Excerpts from: Think Global, Play Local


The Journal of Music In Ireland

Ireland's Bi-Monthly Music Magazine

Barely two hours after their Royal gig, Carroll, Buckley and Carpio were onstage again at the Heather House Hotel, joining Ronan Guilfoyle, Tommy Halferty and trumpeter Paul Williamson for a late-night exploration of Miles Davis' electric period of the late sixties/early seventies. In albums like In a Silent Way and Bitches Brew, Davis created brooding, evocative music that could also be incredibly delicate. Revolutionary at the time, it has maintained its freshness across the decades, especially as presented by this exceptional group of musicians, who took full advantage of Davis' mastery at creating improvisational settings. Williamson and Buckley traded several fiery exchanges, and Tommy Halferty's guitar runs, while uniquely his own, captured expertly the spirit of John McLaughlin. It was also great to hear Guilfoyle playing electric bass, as opposed to amplified acoustic, particularly on pieces that depend so thoroughly on its forceful pulse.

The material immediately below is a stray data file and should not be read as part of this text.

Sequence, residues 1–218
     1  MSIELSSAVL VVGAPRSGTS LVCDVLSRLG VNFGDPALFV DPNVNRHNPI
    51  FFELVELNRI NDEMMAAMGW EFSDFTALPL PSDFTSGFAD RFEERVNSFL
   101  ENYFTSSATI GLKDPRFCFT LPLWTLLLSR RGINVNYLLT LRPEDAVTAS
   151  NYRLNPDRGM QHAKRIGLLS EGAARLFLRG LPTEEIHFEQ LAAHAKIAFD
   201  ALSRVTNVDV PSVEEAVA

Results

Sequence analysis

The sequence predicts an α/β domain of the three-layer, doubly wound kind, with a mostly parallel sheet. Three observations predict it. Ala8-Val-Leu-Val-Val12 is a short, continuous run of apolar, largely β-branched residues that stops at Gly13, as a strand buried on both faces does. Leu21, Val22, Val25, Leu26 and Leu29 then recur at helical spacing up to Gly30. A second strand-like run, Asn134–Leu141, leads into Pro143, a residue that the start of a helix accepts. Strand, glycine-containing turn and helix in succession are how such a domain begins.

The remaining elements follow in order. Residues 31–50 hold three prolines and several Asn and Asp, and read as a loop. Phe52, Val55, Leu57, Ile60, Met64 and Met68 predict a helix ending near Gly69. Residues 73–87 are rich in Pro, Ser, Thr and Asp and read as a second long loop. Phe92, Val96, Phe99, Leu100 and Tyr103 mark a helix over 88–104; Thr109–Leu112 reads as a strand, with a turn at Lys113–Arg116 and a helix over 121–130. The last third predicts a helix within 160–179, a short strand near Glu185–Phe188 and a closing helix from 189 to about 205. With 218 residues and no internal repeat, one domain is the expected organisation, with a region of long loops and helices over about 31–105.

Halferty also played in a very different context when he accompanied Norma Winstone at Bray Town Hall. With the minimum of rehearsal, this duo delivered a perfectly paced blend of standards and originals that showcased Winstone's great skill as lyricist, interpreter of popular song and improviser. Tom Waits' 'San Diego Serenade' and Kenny Wheeler's 'Old Times' (retitled 'How It Was Then', with lyrics by Winstone) give some idea of the range of this set, which climaxed with John McLaughlin's 'Little Miss Valley', a thrilling, wordless blues dialogue between voice and guitar. Winstone is a worthy model for the current crop of young Irish singers, including Cormac Kenevey, who was in fine form at the Royal as he showcased songs from his new album (see the review elsewhere in this issue).

Original article written by Kevin Stevens.

Full Text: http://thejmi.com/article/800